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"Fathers for Change"

FathersThe program is called "Fathers for Change." But scratch the surface, and it appears that what has really changed is how the Department of Children and Families (DCF) looks at fathers.

Linda Madigan-Runlett, who oversees the Department's intimate partner violence programs, has been with the Department for 35 years and has seen the evolution first-hand.

"For a long time, neither the Department nor society believed that intimate partner violence (IPV) primary aggressors had an ability to change," Ms. Madigan-Runlett said, adding that child protection systems across the country have traditionally concentrated efforts on working with mothers. "Child protection had primarily held the mothers solely accountable for the children’s safety and responsible for the behaviors of the offender.  Up until recently, the Department opened all cases in the name of the mother. The Department has made tremendous gains in recognizing the role of fathers and the resources they can bring to our work."

The Department's decade-long effort to improve how it engages fathers in its work - sometimes called the "fatherhood initiative” - laid the groundwork for changing the agency's orientation toward serving families affected by intimate partner violence. Ms. Madigan-Runlett said the fatherhood work and the Department's efforts to engage paternal relatives as resources has positively impacted the work.  This new understanding of the role of fathers in the lives of their children marked a shift that opened the door to the still relatively new "Intimate Partner Violence Family Assessment and Intervention Response" (IPV-FAIR) program. The Department began using the program in 2015, which has an annual capacity to serve 320 families per year.
"Fathers for Change" is a component of IPV-FAIR that is used if there is a father in the family who is willing to engage in the treatment. If the father is unwilling, then IPV-FAIR offers a service focused on the mother and children called "Mothers and More," said Ms. Madigan-Runlett.

Yale LogoFathers for Change was developed by Dr. Carla Stover, associate professor and clinical psychologist at the Yale Child Study Center, which piloted the program to local families before the Department began to fund it. Now there are six providers - one in each Department region - offering the service statewide. From January 2016 to February 2020, 373 father/mother pairs were referred by Department IPV Specialists in each regional office, said Dr. Stover.

The private provider in each region assigns a team consisting of a clinician and a "family navigator" who provides case management to the family. The team works with the family's DCF social worker and the family to conduct an assessment of mental health, substance use, and the severity of violence. The assessment also includes an evaluation of the children's needs, Dr. Stover said.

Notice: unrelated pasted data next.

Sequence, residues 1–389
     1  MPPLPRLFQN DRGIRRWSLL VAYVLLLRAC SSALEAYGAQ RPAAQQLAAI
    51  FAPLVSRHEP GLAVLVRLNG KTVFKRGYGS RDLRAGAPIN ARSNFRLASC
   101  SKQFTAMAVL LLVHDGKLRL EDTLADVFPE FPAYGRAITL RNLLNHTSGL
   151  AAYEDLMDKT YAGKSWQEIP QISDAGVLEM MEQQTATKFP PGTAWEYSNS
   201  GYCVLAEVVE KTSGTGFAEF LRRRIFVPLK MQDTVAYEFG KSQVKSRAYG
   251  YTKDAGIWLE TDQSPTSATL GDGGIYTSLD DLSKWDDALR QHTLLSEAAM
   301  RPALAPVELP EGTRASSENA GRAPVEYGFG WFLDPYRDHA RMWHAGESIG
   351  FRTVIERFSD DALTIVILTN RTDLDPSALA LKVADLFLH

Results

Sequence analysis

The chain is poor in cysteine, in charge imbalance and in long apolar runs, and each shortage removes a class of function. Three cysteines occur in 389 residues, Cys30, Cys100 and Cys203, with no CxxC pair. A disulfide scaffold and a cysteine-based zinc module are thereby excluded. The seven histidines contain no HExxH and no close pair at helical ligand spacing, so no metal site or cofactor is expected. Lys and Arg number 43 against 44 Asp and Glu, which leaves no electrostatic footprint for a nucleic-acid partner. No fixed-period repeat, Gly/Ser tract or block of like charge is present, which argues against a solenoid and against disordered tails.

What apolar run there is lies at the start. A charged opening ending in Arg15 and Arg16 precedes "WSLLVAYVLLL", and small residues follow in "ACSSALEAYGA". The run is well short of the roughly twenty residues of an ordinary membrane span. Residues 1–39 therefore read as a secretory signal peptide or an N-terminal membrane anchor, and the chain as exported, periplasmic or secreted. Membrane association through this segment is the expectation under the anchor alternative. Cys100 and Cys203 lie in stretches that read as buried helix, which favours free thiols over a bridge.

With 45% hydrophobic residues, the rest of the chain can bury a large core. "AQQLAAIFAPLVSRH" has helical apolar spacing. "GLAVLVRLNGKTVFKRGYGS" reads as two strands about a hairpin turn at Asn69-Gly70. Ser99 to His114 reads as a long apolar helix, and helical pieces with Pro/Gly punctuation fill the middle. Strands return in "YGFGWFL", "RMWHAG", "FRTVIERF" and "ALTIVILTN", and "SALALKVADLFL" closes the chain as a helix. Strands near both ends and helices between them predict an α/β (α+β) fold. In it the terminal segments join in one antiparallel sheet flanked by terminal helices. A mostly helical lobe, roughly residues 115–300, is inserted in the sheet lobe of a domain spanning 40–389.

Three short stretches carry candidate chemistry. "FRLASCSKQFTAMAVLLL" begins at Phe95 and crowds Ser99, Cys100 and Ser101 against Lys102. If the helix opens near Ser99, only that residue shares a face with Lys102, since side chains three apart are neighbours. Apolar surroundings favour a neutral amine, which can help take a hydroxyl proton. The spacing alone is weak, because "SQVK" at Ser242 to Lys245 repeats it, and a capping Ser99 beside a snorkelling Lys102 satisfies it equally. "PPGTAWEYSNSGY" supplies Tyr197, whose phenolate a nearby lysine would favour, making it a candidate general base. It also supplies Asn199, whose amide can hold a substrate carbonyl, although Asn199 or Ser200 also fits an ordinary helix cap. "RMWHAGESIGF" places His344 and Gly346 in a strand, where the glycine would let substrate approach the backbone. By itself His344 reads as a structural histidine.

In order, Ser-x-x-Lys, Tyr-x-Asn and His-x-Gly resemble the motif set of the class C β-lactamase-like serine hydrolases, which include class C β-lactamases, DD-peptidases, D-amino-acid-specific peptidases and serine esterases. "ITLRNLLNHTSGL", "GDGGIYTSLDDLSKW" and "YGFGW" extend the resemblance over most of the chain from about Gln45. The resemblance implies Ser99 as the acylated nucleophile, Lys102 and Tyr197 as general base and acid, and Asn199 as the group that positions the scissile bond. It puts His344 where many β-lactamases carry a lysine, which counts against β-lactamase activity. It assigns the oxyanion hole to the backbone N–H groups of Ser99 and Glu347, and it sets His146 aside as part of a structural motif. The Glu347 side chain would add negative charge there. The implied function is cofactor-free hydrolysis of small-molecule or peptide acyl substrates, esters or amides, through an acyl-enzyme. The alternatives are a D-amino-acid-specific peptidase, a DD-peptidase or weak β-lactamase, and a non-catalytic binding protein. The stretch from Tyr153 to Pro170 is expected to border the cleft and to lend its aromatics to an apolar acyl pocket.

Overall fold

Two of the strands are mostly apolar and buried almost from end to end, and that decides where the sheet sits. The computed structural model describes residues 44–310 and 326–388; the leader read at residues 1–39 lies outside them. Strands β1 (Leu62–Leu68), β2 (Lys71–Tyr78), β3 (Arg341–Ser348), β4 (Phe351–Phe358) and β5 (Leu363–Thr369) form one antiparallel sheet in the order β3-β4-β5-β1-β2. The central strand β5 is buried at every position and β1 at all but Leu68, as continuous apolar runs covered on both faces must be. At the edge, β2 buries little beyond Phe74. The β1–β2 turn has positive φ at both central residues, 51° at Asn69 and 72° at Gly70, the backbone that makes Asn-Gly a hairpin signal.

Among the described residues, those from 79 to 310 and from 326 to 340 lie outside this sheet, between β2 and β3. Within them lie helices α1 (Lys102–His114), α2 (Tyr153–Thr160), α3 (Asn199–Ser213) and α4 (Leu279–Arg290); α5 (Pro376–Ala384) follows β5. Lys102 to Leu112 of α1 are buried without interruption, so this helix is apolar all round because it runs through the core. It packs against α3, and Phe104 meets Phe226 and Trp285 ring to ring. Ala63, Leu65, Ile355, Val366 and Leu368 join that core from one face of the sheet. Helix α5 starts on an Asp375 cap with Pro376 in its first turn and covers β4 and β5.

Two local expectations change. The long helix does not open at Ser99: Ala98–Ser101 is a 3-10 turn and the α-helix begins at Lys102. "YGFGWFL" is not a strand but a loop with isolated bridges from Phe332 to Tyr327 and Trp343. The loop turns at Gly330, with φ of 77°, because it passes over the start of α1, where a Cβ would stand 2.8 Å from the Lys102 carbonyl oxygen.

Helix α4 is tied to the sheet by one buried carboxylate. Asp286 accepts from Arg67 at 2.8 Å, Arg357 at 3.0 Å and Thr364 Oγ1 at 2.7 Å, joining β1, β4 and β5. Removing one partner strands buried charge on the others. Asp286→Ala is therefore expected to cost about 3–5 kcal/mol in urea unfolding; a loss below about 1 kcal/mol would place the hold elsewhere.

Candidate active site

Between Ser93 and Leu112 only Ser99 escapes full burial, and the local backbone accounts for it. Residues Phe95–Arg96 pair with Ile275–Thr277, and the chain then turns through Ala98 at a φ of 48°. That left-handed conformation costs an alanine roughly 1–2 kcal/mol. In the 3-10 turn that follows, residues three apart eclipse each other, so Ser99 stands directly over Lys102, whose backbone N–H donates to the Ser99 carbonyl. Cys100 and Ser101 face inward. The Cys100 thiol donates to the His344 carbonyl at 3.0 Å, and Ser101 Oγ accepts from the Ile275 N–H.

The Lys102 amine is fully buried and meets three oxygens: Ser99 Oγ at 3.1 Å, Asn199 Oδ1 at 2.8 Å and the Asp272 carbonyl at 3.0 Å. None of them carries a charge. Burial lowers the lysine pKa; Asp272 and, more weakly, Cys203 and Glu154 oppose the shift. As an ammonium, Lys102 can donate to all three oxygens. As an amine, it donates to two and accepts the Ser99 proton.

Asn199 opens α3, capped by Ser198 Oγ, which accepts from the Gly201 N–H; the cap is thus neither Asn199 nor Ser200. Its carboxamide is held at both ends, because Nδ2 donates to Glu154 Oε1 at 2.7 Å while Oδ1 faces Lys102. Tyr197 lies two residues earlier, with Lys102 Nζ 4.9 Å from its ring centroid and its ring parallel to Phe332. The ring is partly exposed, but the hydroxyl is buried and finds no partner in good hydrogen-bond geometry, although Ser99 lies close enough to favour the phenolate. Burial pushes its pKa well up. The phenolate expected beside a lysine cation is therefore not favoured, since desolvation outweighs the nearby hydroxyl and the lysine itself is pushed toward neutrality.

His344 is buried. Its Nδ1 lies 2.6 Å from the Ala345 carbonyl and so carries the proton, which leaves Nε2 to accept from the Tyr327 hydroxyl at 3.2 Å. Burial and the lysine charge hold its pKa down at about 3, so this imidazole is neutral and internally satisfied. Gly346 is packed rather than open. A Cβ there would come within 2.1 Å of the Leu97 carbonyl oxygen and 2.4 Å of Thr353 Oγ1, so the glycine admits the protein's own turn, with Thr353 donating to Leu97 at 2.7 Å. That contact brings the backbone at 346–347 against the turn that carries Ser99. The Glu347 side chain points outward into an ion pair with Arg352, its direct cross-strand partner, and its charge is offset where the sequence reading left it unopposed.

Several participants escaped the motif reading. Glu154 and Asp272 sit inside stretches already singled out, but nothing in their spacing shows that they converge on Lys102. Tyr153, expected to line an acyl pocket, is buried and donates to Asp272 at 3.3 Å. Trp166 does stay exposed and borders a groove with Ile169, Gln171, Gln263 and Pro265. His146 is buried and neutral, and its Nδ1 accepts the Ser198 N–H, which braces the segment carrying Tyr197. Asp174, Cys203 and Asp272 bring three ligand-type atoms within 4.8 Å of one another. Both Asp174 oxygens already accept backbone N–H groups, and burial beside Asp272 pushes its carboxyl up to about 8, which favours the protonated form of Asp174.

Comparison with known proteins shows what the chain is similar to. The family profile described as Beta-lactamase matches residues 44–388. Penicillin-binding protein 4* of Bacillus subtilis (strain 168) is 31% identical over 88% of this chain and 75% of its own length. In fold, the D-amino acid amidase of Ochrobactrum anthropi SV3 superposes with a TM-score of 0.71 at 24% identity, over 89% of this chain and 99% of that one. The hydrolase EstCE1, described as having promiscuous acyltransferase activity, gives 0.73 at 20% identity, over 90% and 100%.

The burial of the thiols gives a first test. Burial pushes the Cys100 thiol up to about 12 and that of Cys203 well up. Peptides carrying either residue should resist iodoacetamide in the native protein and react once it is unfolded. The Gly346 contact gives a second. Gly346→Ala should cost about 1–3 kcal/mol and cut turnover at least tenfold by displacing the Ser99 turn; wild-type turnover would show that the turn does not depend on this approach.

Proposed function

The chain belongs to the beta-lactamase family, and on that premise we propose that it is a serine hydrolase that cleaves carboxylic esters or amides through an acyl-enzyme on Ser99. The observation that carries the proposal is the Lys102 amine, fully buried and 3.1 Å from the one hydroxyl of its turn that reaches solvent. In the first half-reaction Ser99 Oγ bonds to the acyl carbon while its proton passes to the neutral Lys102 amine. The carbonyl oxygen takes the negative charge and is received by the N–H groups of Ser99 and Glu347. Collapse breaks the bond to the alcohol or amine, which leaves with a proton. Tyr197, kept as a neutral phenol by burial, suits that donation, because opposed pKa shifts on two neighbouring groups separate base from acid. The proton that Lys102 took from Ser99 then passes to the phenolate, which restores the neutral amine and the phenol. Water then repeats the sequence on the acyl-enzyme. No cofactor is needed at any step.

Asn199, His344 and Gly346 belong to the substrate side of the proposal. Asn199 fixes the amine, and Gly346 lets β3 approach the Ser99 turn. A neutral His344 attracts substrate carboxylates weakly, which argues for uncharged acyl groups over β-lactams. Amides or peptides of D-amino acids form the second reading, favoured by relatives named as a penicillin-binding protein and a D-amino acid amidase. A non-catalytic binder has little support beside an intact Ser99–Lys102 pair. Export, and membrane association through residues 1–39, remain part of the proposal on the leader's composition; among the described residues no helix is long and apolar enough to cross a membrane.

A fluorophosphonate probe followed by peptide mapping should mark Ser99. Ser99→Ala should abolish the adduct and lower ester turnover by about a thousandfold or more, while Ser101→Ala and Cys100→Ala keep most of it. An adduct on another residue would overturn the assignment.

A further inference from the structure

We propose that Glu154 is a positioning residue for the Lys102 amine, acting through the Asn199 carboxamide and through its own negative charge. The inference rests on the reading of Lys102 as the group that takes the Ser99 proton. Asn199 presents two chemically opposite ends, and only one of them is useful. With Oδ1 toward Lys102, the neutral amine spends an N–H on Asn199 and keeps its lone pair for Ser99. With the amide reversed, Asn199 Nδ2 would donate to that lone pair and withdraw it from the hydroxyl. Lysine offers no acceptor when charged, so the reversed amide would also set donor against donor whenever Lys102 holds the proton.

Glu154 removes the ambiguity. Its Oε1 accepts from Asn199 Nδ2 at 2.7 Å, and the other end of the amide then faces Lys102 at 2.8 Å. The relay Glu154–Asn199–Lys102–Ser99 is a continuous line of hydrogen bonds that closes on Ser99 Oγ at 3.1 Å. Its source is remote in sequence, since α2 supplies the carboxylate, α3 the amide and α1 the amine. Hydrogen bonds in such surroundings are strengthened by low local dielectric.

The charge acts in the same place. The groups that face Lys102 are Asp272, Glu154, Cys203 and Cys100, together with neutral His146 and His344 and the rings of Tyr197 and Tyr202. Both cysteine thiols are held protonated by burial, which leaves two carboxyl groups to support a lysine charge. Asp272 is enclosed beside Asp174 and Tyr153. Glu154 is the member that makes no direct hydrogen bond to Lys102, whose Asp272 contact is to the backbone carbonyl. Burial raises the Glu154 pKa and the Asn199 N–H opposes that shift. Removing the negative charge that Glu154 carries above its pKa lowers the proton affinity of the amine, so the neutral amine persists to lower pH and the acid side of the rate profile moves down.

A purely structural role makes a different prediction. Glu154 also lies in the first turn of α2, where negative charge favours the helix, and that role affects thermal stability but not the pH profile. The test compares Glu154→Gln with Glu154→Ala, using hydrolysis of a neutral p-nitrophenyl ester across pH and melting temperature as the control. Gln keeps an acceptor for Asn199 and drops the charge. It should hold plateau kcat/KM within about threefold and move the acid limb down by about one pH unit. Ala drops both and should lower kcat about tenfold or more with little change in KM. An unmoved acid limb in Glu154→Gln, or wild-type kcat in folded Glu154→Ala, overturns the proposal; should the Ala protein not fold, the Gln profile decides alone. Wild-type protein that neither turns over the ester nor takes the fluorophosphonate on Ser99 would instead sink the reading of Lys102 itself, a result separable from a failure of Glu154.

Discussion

The clinician offers treatment addressing the violence, and the family navigator handles assistance with basic needs, support and referrals to any other services the family may need, she said. The program typically lasts four to six months, which can be extended based on family needs.

StoverDr. Stover said Yale Child Study is now engaged in a National Institute of Health-funded study comparing Fathers for Change to standard domestic violence offender programs. Dr. Stover said Yale is looking for 60 fathers to participate and is inviting Department staff to refer fathers to the study by contacting her at carla.stover@yale.edu. Participants will receive free access to domestic violence offender service.  She said that study is expected to be completed in two years.

Dr. Stover said a recent study published in the Journal of Family Violence showed the program is effective. The completion rate for fathers was 70 percent compared to a more typical rate of 30 to 50 percent, she said. The mothers reported a significant reduction in domestic violence on an Abusive Behavior Inventory completed before and after treatment. Improvements were seen in father's emotional regulation, anger, and mother's and father's level of stress, anxiety and depression.

CT Injury Logo

Ms. Madigan-Runlett said IPV services are vital for any child protection agency because of how common IPV is among families reported for abuse and/or neglect. She said the Connecticut Children's Medical Center Injury Prevention Center, which works with DCF to provide evaluation, consultation and training, conducted a study showing that between 40 to 70 percent of families reviewed in the study had IPV present.  "IPV has a significant impact on the health and welfare of the entire family," Ms. Madigan-Runlett said. “Working with the entire family impacted by IPV, especially including fathers, has made a dramatic difference in their lives.  We needed to be more family and dad focused."